Neil deGrasse Tyson

Tyson in 2017 Neil deGrasse Tyson ( or ; born October 5, 1958) is an American astrophysicist, author, and science communicator. Tyson studied at Harvard University, the University of Texas at Austin, and Columbia University. From 1991 to 1994, he was a postdoctoral research associate at Princeton University. In 1994, he joined the Hayden Planetarium as a staff scientist and the Princeton faculty as a visiting research scientist and lecturer. In 1996, he became director of the planetarium and oversaw its $210 million reconstruction project, which was completed in 2000. Since 1996, he has been the director of the Hayden Planetarium at the Rose Center for Earth and Space in New York City. The center is part of the American Museum of Natural History, where Tyson founded the Department of Astrophysics in 1997 and has been a research associate in the department since 2003.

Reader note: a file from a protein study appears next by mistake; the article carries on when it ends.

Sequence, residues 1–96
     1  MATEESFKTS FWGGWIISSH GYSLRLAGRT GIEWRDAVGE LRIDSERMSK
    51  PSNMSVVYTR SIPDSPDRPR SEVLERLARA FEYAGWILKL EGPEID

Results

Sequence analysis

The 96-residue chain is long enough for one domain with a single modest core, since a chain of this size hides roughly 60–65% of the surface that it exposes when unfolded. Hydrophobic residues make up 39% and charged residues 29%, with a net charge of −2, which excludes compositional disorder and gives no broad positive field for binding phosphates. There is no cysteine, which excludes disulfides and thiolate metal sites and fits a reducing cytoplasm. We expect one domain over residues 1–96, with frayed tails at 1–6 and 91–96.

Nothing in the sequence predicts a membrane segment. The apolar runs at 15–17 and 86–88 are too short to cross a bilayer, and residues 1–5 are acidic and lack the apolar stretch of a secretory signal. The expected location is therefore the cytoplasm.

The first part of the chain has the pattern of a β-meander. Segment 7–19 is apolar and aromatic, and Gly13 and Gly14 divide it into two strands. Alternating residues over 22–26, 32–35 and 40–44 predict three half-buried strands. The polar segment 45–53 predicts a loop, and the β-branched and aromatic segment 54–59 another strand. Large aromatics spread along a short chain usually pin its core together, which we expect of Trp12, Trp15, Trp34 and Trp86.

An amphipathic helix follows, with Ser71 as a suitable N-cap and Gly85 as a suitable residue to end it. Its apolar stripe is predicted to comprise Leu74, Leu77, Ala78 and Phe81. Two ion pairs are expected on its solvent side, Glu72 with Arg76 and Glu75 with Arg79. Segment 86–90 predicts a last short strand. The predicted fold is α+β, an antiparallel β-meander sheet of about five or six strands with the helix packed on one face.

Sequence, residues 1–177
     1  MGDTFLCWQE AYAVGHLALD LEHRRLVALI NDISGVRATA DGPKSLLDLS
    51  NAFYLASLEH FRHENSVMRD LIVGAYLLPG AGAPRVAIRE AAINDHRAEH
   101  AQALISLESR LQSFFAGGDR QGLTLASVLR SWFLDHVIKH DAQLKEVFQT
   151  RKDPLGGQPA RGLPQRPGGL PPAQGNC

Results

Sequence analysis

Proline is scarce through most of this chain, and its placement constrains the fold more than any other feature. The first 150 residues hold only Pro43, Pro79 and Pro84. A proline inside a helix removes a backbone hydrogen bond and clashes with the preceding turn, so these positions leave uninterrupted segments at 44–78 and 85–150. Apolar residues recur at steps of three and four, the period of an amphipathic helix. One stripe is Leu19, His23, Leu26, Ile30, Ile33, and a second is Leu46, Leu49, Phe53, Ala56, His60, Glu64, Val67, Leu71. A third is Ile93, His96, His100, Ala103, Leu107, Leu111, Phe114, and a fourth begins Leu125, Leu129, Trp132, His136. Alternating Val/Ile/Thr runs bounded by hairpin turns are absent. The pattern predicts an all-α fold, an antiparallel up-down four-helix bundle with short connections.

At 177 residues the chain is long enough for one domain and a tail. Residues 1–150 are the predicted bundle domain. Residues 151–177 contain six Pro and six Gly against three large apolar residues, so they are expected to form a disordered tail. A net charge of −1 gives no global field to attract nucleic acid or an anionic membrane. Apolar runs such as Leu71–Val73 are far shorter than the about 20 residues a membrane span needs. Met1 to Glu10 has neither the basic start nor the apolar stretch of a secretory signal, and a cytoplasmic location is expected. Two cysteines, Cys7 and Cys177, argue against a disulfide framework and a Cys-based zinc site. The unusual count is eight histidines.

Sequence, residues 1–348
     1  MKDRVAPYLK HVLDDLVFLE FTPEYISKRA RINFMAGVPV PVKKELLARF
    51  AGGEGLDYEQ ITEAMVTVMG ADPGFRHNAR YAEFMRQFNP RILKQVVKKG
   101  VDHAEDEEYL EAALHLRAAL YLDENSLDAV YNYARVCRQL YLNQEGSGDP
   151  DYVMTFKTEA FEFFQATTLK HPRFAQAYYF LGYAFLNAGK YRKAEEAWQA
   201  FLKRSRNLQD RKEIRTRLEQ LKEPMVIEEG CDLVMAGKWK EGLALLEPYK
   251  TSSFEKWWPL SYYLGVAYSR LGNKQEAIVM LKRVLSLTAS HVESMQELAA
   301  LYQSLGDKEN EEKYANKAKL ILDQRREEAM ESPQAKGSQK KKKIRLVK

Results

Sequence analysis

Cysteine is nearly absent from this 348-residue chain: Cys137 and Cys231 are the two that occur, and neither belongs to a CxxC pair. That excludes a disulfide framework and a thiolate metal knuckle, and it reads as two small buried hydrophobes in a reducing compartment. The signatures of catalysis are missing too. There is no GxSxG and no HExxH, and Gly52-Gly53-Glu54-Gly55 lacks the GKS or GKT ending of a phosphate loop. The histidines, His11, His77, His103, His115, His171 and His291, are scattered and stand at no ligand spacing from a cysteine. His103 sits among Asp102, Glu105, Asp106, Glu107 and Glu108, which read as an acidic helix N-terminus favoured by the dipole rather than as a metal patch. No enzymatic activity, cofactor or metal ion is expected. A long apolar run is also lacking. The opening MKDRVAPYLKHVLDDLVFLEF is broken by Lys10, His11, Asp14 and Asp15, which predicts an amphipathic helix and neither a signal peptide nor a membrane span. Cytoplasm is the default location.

From 1995 to 2005, Tyson wrote monthly essays in the "Universe" column for ''Natural History'' magazine, some of which were later published in his books ''Death by Black Hole'' (2007) and ''Astrophysics for People in a Hurry'' (2017). During the same period, he wrote a monthly column in ''StarDate'' magazine, answering questions about the universe under the pen name "Merlin". Material from the column appeared in his books ''Merlin's Tour of the Universe'' (1998) and ''Just Visiting This Planet'' (1998). Tyson served on a 2001 government commission on the future of the U.S. aerospace industry and on the 2004 Moon, Mars and Beyond commission. He was awarded the NASA Distinguished Public Service Medal in the same year. From 2006 to 2011, he hosted the television show ''NOVA ScienceNow'' on PBS. Since 2009, Tyson has hosted the weekly podcast ''StarTalk''. A spin-off, also called ''StarTalk'', began airing on National Geographic in 2015. In 2014, he hosted the television series ''Cosmos: A Spacetime Odyssey'', a successor to Carl Sagan's 1980 series ''Cosmos: A Personal Voyage''. The U.S. National Academy of Sciences awarded Tyson the Public Welfare Medal in 2015 for his "extraordinary role in exciting the public about the wonders of science". Provided by Wikipedia

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